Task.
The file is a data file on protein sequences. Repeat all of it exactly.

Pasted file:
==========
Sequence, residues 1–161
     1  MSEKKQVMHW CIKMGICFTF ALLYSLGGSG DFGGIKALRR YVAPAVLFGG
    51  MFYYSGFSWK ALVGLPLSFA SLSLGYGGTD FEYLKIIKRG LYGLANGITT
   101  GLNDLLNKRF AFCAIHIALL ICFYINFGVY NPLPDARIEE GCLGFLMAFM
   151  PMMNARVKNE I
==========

Sequence, residues 1–161
     1  MSEKKQVMHW CIKMGICFTF ALLYSLGGSG DFGGIKALRR YVAPAVLFGG
    51  MFYYSGFSWK ALVGLPLSFA SLSLGYGGTD FEYLKIIKRG LYGLANGITT
   101  GLNDLLNKRF AFCAIHIALL ICFYINFGVY NPLPDARIEE GCLGFLMAFM
   151  PMMNARVKNE I